Traditional analytical SFC systems – whether they use full loop or partial loop injectors - struggle to reproducibly inject low volumes of sample. In most cases, only full loop injections are possible; with partial loop injections it is difficult to maintain the injection solvent homogeneity. Accuracy, precision, and linearity therefore suffer, preventing analyte quantitation. Large amounts of sample may be wasted with every injection so very often a sample loop must be changed manually when necessary, limiting the flexibility of the system.
The ACQUITY UPC2 Sample Manager has a novel dual-injection valve design (Figure 14). This
vents the primary sample loop to waste, enabling the sample to enter the loop under atmospheric pressure while maintaining the homogeneity of the mobile phase. In addition, the auxiliary injection valve was designed to reduce pressure pulses from the injection sequence and mitigate carryover, enabling repeatable and reproducible partial loop injections (Figure 15). Injections of 0.1 to 50 μL can be made in 0.1 μL increments, and with dual needle wash options, sample carryover is negligible. Figure 16 demonstrates injection linearity with partial-loop injection from 1 to 10 mL with 1 mL increments.
Optical detection is sometimes troublesome with analytical SFC systems. Detector flow cells designed for HPLC systems may lead to unacceptable dispersion volume and baseline noise. Refractive index detectors when used for SFC, cause significant baseline noise and curvature with a compressible fluid, amplifying the noise produced by the pumping system. Solvents such as methanol and water, which are commonly used in RPLC, have very similar RI values (Figure 17), and so RI effects in reversed-phase methods are typically not that significant. CO2 has a value that is very different from methanol (the most commonly used co-solvent) making the range of refractive indices of substances larger than in LC increasing baseline noise and limiting sensitivity. As a further challenge, the density, and therefore refractive index, of a CO2-based mobile phase changes over the course of a gradient analysis.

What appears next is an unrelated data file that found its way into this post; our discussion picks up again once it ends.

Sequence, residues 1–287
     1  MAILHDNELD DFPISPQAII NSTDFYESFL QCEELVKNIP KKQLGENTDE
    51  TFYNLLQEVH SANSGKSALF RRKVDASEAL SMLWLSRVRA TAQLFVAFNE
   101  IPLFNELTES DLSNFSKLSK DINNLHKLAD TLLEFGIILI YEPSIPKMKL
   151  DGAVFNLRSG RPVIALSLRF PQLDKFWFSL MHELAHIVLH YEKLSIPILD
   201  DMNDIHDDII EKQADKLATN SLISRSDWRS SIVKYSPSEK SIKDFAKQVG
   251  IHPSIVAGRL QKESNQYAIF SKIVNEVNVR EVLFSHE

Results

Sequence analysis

The ACQUITY UPC2 PDA Detector is specifically designed for compressible fluids. Instead of sapphire lenses, which reduce energy throughput at lower UV wavelengths, the ACQUITY UPC2 PDA Detector’s lenses are made of high-strength silica which withstands the back pressure generated during a separation. This helps to maximize sensitivity, reduce baseline noise, and compensate for differences in RI effects between CO2 and the organic co-solvent. The optics bench is thermally controlled to further improve baseline stability and mitigate RI effects. A low-dispersion, stainless steel flow cell accommodates narrow peak widths, while the 10 mm path length maximizes sensitivity and at the same time maintains optimal spectral performance. The exceptional level of sensitivity attainable enables the quantitation of trace level impurities (Figure 18).
Mass Spec (MS) Detection
Akin to the unique instrument requirements for adapting optical detection for the compressible mobile phase of CC, interfacing CC to MS requires modifications to accommodate the compressibility of the mobile phase. The CC-MS interface must allow for the mobile phase to decompress from the pressurized state to atmospheric pressure within the ion source of today’s mass spectrometers. Without careful consideration of the mobile phase compressibility, analyte transport into the ion source can be negatively affected. Poor analyte transport can result in poor peak shape and/or poor ionization. In the worst-case scenario, no ionization will occur and the analyte of interest will not be detected by the mass spectrometer.
The decompression of the compressed mobile phase must be controlled independently of mobile phase flow rate, mobile phase composition, and the post-column system pressure established by the automated back pressure regulator (ABPR). Further, the decompression must be managed without sacrificing efficient analyte transport into the ion source. To achieve these objectives, the ACQUITY UPC2 mass spectrometry interface was designed for a compressible mobile phase and employs a split-flow interface with a makeup fluid. The mass spectrometry interface introduces a constant flow rate of mobile phase, usually between 300 and 500 µL /min (compressed), through the split restrictor to the mass spectrometer. The remaining portion of the mobile phase is directed to the ABPR for control of the post-column system pressure over a wide range of mobile phase flow rates and compositions. A schematic representation of the ACQUITY UPC2 mass spectrometry interface is shown in Figure 19 which highlights the split interface and addition of makeup fluid.
Figure 19: Schematic representation of the ACQUITY UPC2 split-flow mass spectrometry interface.